For example, the train station near my house has an unusually loud-voiced young worker named Mr. U. Naturally he uses a loudspeaker anyway, to make his announcements. Many times I have told him, “You have a naturally loud voice, don’t you?” but he never turns down the speaker. When he’s working, you can hear him from over 20 meters away from the station! One day, when he was even louder than usual, and I went to tell him to turn down. This must have been the fiftieth time. But he kept on announcing, totally ignoring me. I had reached the limit of my patience. If I didn’t act now, I’d have to spend the whole rest of the day in bed, full of regret and corrosive rage. Heedless of the possibility of oncoming trains, I ripped the microphone from Mr. U’s hand and threw it right on the tracks.

Mr. U. just stood there, following the descending microphone with his eyes, saying “Are-re-re-re.”

It’s pretty funny the way we Japanese react to things. Mr. U. never expected a customer to seize his microphone, so he was unable to promptly decide what to do. His brain stopped working, and all he could do was say that “Are-re-re-re.” I left Mr. U. behind, and went to look for the station master to report the incident.

“I asked Mr. U. I-don’t-know-how-many times to turn down, and he never would, so I threw his mike on the tracks.” The station master’s response was also really interesting. I could read his thoughts: “What an absurd incident! And what’s more –  the perpetrator himself is complaining?!?” 

His brain had frozen up. He looked at me slowly from head to toe, saying, “Is . . . .that . . . so?”

Meanwhile, I was already deep in re-telling the details of the story. But the station master simply stood there and said, “Is . . .that . . . so?”

My act was clearly illegal, so he should have taken me to the police station, but he did nothing of the sort. Mr. U. never even showed up to give his side of the story. He probably just picked up the microphone and continued to announce trains. . . like a sucker! Dissatisfied with this lazy state of affairs, I had no choice but to return to the platform and board the next train.


In this country, individuals fighting on their own behalf is unheard of. Perhaps that’s why it is so unexpectedly easy to get away with it. Let me give you an example.

In Sengawa, there’s the Kaoru Kindergarten. This kindergarten has a dormitory, so the pupils are pickled in loudspeaker announcements 24/7, without a thought as to what kind of miserable, stupid adults this will turn them into. What’s more, this kindergarten is on my way to work. Frequently, I can hear the painfully loud announcements thirty meters away from the heart of the kindergarten! I could not stand the extreme pain this caused me, so one time I charged directly into the kindergarten, yelling, “What is this infernal racket?!?”, and flipped the speaker switch to “off.”

This was yet another instance when people didn’t even try to stop me because they never imagined that someone might attempt such a stunt. The workers around me just looked on dumbly, as I shut off their system. Apparently the boss was not in, so a young male teacher had to confront me: “Is it OK to do things like that?” I told him, “Of course it is!” and he had no response. But they weren’t ready to quit: they just wanted to avoid a confrontation. I was followed by all the students and teachers to the entrance, and the moment I walked out the main gate, the recordings started up again, louder than ever.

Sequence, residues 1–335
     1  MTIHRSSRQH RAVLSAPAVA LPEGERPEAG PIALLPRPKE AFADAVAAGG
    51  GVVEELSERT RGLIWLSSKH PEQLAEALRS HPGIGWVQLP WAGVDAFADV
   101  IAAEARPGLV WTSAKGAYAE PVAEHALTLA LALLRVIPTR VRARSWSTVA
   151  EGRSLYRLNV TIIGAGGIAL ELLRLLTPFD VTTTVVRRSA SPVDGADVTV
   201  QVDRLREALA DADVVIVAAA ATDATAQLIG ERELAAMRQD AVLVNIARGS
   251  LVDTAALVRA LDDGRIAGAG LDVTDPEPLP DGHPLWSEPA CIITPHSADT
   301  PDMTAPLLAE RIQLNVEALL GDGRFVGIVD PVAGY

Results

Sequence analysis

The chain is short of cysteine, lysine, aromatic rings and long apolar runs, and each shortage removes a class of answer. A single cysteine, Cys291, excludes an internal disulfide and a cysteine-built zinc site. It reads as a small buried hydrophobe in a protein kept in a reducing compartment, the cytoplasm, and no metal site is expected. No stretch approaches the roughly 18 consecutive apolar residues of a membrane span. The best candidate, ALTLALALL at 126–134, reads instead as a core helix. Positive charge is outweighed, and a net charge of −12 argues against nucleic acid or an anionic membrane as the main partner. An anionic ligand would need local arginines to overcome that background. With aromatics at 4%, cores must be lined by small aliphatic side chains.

Another day, Kaoru Kindergarten’s speakers were blaring the theme song of “ONI WA SOTO! FUKU WA UCHI!” (a traditional children’s game). Of course I had to charge in again. They must have remembered me, because all the teachers ran away. Strangely.

Without hesitation, I grabbed the microphone from a young female teacher, who was staring vacantly, and screamed, “ARE YOU TRYING TO KILL THESE CHILDREN?!?” This time, the boss was present. But he, along with the manger (her husband as it turned out) merely peeped out the windows of their office. If it was me, I definitely would have called the police.

From there, the scenario took and even stranger turn.

The female teacher dropped the microphone and ran headlong into the depths of the kindergarten. She said, “I have a small voice, so I need the megaphone to talk. But, I can scream good!” and with that, she proceeded to run around the playground screaming “ONI WA SOTO! FUKU WA UCHI!” At the top of her lungs.

I was dumbfounded. I followed after, trying to reason: “ What are you doing? Is that a way to act?!? If you use the microphone and just speak softly, everyone can still hear you!” but she wouldn’t listen. Looking as if she were about to weep, she continued to scream hysterically, “ONI WA SOTO! FUKU WA UCHI!” 

I left the kindergarten, and once again, the speakers started up behind me. It was one of those things.


You readers are probably already tired of these stories.

So I’ll just do one more.

The place: the very high-class Ginza shopping district. One day, getting off the subway at Yuurakicho station, heading towards Ginza, my ears were assaulted by a deafening din of speakers. It was so loud, at first I thought some uyoku (right-wing militia groups)  had come through in their giant speaker-vans, but that was not the case. It was the Purantan store (and what an idiotic name that is for a store, in the first place!). They’d erected an enormous stage directly in front of their entrance-way, obstructing nearly the entire sidewalk, leaving just enough room for a single person to squeeze by. They were doing a model-show for their new summer yutaka, but foolishly, all the models were white people.